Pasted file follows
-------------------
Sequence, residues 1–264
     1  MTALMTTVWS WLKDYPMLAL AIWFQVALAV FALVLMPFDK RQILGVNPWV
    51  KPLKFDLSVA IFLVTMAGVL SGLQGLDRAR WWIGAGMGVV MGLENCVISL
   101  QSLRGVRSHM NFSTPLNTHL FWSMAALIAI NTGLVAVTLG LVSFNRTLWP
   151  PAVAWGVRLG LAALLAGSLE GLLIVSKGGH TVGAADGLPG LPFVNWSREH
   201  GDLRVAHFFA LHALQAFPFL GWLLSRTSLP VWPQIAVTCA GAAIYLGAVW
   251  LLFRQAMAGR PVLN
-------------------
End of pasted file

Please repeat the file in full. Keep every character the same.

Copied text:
Sequence, residues 1–264
     1  MTALMTTVWS WLKDYPMLAL AIWFQVALAV FALVLMPFDK RQILGVNPWV
    51  KPLKFDLSVA IFLVTMAGVL SGLQGLDRAR WWIGAGMGVV MGLENCVISL
   101  QSLRGVRSHM NFSTPLNTHL FWSMAALIAI NTGLVAVTLG LVSFNRTLWP
   151  PAVAWGVRLG LAALLAGSLE GLLIVSKGGH TVGAADGLPG LPFVNWSREH
   201  GDLRVAHFFA LHALQAFPFL GWLLSRTSLP VWPQIAVTCA GAAIYLGAVW
   251  LLFRQAMAGR PVLN